Pelvic floor exercises. Don’t worry – I rolled my eyes too even just by writing this! The pelvic floor muscles and associated exercises are harped on about for women, particularly during pregnancy and post childbirth. We all know we’re supposed to be doing these exercises… but how many of us actually do? Or are doing them properly and effectively? And who knows what the pelvic floor muscles even ARE? Even as a physiotherapist, with a very good awareness of the importance of doing my exercises… I must admit I’ve been pretty slack so far in doing them. I forget, completely, most of the time.
So let’s start with the basics – what even ARE pelvic floor muscles? I feel like it’s a term sometimes that’s thrown around (a bit like ‘working your “core” muscles’ – huh?).
The pelvic floor is literally just that – the floor inside your pelvis! It’s a thin sheet or sling of muscles and ligaments trying to support and hold everything in and up inside your pelvis – think your bladder, uterus (for women) and your bowel. It has small openings in it (obviously, or we wouldn’t be able to go to the toilet, have sex, deliver a baby) and also acts to control our bladder and bowel function.
When the pelvic floor is strong, it helps prevent incontinence, prolapse, and supports the weight of the developing baby in pregnancy.
So why do they become weak? Well, remember, they’re a thin sheet of muscle, so they can become weakened easily especially with constant or extra weight and pressure on them.
Common causes of pelvic floor muscle weakness include:
- childbirth – particularly following delivery of a large baby or prolonged pushing during delivery
- being overweight
- constipation (excessive straining to empty your bowel)
- persistent heavy lifting
- excessive coughing – causing repetitive straining
- changes in hormonal levels at menopause
- growing older
Here are some basic exercises (adapted from the Royal Women’s Hospital website) to work on strengthening your pelvic floor. I have placed some other websites at the bottom that can also be a good resource.
Step 1: Sit, stand tall, or lie on your back with your knees bent and legs comfortably apart or kneel on your hands and knees.
Step 2: Close your eyes, imagine what muscles you would tighten to stop yourself from passing wind or to ‘hold on’ from passing urine. If you can’t feel a distinct tightening of these muscles, ask for some help from a women’s health physiotherapist. They will help you to get started.
Step 3: Now that you can feel your pelvic floor muscles working, tighten them around your front passage, vagina and back passage as strongly as possible and hold for three to five seconds. By doing this, you should feel your pelvic floor muscles ‘lift up’ inside you and feel a definite ‘let go’ as the muscles relax. If you can hold longer (but no more than a maximum of eight seconds), then do so. Remember, the squeeze must stay strong and you should feel a definite ‘let go’. Repeat up to ten times or until you feel your pelvic floor muscles fatigue. Rest for a few seconds in between each squeeze.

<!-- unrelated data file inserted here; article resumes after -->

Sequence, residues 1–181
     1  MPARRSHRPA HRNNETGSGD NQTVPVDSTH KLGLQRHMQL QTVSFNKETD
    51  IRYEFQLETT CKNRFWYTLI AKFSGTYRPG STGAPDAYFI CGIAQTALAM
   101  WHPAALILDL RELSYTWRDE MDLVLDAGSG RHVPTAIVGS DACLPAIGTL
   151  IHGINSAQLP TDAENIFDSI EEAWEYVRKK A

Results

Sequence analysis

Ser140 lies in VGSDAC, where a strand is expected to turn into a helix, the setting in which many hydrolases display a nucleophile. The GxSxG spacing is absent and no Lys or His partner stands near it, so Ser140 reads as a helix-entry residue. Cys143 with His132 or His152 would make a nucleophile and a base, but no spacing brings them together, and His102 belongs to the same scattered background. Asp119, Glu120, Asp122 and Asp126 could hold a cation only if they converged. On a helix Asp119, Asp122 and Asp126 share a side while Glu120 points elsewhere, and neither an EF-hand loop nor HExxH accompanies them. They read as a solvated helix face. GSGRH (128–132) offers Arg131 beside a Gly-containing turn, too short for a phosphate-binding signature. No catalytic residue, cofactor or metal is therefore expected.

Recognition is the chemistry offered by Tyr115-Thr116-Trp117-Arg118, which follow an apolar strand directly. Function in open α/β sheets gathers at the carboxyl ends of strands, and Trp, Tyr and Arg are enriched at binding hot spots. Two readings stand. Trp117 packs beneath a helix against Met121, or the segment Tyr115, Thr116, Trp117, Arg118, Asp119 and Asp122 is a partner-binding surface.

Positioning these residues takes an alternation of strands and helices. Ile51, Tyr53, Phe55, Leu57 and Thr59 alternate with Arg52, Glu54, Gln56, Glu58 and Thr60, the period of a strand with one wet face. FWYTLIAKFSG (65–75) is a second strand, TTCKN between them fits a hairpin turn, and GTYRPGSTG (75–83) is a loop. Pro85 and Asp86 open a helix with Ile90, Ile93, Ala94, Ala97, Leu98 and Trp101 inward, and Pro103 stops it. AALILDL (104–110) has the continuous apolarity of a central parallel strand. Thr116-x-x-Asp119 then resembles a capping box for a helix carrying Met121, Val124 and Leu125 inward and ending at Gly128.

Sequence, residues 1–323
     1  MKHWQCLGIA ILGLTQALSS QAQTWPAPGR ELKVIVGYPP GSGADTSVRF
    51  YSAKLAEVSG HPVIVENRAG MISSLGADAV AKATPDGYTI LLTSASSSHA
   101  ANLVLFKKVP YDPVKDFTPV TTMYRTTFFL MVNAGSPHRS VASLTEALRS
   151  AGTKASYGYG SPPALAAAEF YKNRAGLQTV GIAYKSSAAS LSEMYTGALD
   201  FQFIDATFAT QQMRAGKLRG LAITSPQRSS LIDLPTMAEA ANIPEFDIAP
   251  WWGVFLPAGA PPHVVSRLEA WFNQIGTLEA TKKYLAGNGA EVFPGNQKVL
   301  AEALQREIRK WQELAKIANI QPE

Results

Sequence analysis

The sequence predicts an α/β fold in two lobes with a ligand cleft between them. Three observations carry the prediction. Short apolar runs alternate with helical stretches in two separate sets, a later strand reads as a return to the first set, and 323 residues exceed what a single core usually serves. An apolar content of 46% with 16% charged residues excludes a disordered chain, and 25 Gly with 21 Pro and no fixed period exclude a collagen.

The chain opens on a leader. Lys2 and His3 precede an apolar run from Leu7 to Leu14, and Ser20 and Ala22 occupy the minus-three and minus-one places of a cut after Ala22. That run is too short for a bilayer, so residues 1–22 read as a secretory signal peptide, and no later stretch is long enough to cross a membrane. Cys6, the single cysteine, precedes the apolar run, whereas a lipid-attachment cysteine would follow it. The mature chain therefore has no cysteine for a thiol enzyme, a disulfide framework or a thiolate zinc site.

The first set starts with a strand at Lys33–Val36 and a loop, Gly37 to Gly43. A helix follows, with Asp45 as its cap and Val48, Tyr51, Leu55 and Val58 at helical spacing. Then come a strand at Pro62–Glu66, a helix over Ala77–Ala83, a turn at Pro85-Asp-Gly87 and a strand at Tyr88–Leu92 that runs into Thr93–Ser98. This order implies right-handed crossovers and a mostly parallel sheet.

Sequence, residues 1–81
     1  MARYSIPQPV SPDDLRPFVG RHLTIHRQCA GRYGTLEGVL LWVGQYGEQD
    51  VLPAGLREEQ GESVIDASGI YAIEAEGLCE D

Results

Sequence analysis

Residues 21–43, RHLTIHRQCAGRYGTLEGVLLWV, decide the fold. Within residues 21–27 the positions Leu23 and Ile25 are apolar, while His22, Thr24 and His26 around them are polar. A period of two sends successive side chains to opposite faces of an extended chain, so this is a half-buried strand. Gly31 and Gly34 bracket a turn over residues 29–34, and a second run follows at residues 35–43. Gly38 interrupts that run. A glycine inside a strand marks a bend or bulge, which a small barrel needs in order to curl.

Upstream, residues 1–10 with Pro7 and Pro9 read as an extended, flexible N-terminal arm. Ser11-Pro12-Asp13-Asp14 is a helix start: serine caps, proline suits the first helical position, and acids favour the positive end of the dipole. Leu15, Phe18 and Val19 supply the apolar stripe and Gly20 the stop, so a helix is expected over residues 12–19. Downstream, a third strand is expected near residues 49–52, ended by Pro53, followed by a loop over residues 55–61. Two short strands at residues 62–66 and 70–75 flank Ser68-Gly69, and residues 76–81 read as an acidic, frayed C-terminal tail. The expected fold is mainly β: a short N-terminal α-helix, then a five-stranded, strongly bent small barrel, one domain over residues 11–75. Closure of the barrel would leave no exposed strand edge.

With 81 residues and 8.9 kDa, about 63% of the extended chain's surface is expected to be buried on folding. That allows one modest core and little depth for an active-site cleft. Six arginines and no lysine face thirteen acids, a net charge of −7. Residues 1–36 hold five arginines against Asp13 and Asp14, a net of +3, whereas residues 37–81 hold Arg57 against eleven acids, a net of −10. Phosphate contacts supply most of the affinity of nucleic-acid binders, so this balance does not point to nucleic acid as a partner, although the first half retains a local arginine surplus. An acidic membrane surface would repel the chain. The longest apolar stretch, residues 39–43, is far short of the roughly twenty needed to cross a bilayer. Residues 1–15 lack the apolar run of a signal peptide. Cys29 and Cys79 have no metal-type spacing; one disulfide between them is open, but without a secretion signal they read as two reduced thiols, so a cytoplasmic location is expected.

Steps one to three count as one exercise set. If you can, do three sets per day in different positions. Do your pelvic floor exercises every day.
Exercise 2 (quick squeeze for power)
Squeeze and lift your pelvic floor muscles as strongly and as quickly as possible. Do not try to hold on to the contraction, just squeeze and let go. Rest for a few seconds in between each squeeze. Repeat this 10 to 20 times or until you feel your pelvic floor muscles fatigue.
If you can, do this exercise set one to three times per day.
During both exercises you should:
- feel your pelvic floor muscles ‘lift up’ inside you, rather than feel a downward movement
- relax your thighs and buttocks – they shouldn’t feel clenched at all
- keep breathing normally
- stop exercising if your muscles fatigue or you can’t feel them activate (to give them a rest)
That’s all well and good… but what are the actual consequences of not doing exercises?
I was having a talk to a good friend recently about this (as I was quietly freaking out about being unprepared for this baby, and was asking her advice as she’s had a few kids). We got onto the topic of my blog, and she was sharing her story about pelvic floor exercises.
‘I remember the midwife coming and seeing me after I had (baby) and talking about pelvic floor exercises, and why I needed to do them after having my bub. I brushed it off at the time, thinking I would get around to it later, and then kind of forgot about them. Life, a new baby, running a household and then later returning to work all just got in the way.
It wasn’t until recently when I returned to playing sport that it finally become personal for me. I was running down the netball court, and all of a sudden I felt the urge to go to toilet and just couldn’t control it and had some leakage. I had to stop, and the urge passed, but as soon as I started running it would happen again. I’ve had to start wearing thick pads during games, which end up saturated by the end. In hindsight I wish I’d actually listened to the midwife and had done the exercises earlier’.
Pelvic floor exercises sound simple – but can actually be tricky to do properly. If you have any symptoms of weakness, or are having trouble actually activating and completing these exercises, I would highly recommend seeing a specialist Women’s Health physiotherapist who can do a more thorough assessment and make sure you’re on the right path.
Now I just have to come up with a way to remember to do them… maybe I’ll set reminders on my phone.
Resources and References: